I travel every summer. Well, I started it last summer, but I went hitchhiking from here to northern California. When I was in New Mexico, I was sitting on a porch, I was like couch surfing and the people I met were really cool and we were in Ruidoso at night, sitting on a porch, playing music, and this bear walks down the street. It jumps into a dumpster at the end of the block and is like 30 feet from us rummaging through the garbage.

He looks up at us and then goes back to rummaging and it was really cool because I could tell it didn’t cross anybody’s mind to call animal control because the bear was like doing his own thing. Ruidoso is really encroaching upon the animals, so leave the animals be and they won’t mess with you unless you mess with them.

It was also really cool because it was the first time I saw a bear in real life. I wasn’t scared.

Well, I was at first because I had my back to it and the woman who was sitting next to me saw it and was like bear! So I turned around and saw that it was just minding it’s own business. I went from loh god we’re going to get mauled, to wow this is beautiful.

I think I’m afraid of dying and not getting to know the secrets of the universe after I die. I hope that after I die, no matter how it happens, I’m given the gift of knowledge of how the universe works and why, like the meaning. But if I didn’t get that I’d be really disappointed.

My life goal is to be happy and look back on my life and be like, that wasn’t a waste of time. Don’t let societal constructions of norm hinder you from being free.

I was homeless last year for six months. At one point, I broke up with my boyfriend of like three years and I loved and I got really depressed and I moved in with this guy.

He was older.

He was like this ex-‘Nam vet freaking crazy psycho posttraumatic stress disorder like really bad and I had a job at Ace hardware down by Kroger and I hated it. I was like abusing myself because I missed my boyfriend and was just really hating my life and was like I really need to get away from this guy.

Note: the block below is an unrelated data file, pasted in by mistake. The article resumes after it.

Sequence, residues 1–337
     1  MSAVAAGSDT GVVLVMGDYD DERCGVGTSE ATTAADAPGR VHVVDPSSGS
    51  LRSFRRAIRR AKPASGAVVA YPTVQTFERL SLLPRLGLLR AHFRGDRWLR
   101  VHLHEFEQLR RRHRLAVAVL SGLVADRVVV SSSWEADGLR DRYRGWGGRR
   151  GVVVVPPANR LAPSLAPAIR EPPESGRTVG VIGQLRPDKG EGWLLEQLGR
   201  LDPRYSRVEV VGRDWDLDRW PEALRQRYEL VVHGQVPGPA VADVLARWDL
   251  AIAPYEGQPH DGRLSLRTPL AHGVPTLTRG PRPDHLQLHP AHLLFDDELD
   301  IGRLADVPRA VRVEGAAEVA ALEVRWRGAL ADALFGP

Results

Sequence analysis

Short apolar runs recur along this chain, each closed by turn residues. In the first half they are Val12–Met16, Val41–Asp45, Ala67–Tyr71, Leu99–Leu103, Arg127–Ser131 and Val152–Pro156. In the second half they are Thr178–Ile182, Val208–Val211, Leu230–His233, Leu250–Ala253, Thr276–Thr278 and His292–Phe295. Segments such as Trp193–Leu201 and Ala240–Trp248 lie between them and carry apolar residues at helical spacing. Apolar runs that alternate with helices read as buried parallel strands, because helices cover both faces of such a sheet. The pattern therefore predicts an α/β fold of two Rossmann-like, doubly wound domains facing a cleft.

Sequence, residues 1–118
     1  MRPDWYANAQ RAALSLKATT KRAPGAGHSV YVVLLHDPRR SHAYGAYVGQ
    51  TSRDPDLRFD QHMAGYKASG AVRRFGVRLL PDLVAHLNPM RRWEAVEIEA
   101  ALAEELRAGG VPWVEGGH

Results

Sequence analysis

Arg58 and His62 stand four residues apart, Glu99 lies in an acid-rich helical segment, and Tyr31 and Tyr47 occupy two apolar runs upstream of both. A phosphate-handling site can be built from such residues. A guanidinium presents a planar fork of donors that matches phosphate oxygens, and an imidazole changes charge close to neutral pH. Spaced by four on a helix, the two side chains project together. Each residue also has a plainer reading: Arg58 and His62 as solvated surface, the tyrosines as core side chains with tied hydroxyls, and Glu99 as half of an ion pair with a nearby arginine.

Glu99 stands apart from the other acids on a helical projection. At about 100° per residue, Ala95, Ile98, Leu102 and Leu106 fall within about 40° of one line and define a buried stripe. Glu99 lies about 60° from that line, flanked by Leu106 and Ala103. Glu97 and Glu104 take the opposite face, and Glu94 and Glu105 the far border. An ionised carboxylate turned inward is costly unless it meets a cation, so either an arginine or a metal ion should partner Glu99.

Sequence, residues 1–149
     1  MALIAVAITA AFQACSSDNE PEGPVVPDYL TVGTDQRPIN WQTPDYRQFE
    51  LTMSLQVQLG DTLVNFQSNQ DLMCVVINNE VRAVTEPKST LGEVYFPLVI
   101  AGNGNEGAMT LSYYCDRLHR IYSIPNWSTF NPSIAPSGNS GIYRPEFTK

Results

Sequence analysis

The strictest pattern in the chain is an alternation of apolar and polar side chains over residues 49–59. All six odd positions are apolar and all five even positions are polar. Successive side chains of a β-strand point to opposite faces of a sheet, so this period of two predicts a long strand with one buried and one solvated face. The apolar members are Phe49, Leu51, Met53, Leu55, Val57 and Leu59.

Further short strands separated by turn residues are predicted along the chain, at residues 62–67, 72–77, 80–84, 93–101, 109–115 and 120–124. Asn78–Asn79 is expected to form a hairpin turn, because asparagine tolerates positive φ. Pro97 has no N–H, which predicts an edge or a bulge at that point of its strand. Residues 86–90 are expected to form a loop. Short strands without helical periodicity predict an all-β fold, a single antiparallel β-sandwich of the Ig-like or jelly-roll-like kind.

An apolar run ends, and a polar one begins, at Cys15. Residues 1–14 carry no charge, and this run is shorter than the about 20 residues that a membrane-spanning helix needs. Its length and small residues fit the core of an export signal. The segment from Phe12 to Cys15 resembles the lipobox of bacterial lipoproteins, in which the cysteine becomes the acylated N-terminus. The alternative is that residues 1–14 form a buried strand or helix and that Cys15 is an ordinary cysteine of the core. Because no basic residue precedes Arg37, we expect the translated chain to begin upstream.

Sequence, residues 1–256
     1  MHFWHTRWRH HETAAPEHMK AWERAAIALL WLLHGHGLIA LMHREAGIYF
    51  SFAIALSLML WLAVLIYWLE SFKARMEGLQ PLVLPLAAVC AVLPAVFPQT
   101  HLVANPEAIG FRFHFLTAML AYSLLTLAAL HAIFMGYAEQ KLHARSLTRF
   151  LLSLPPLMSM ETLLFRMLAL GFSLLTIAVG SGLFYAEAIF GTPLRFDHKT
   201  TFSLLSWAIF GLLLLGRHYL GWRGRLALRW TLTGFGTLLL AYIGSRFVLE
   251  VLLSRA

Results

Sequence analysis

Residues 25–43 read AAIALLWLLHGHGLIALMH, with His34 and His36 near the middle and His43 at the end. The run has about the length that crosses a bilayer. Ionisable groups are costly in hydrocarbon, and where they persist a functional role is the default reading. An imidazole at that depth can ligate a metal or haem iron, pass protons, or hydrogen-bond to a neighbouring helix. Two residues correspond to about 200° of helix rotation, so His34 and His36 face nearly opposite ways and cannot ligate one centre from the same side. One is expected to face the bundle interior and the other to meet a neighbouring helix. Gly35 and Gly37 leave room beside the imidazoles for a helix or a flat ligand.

He was like trying to getting me to marry him and stuff and treating me like getting all mad and possessive if I didn’t come home after work. I was like dude, I’m 20 years old, you need to back off you old man. But he like proposed it like you can live with me you don’t need to pay rent, no big deal, I like you. I thought it would be okay but it turned really creepy really fast and I tried to move out and quit my job and was thinking I had another job lined up but that didn’t work so I didn’t have a job and had some money saved up.

I met a guy right over there, where the last little building before crossing the street, and he was playing guitar. I had my drum out because there is a drum circle that goes on over there on Saturday nights and they had closed up early and I heard him playing and I came over there and was playing with him and he was like travelling. He’s from like a place in south Texas and was travelling, and he didn’t have any money. He got his money from playing music and I was totally taken aback from that.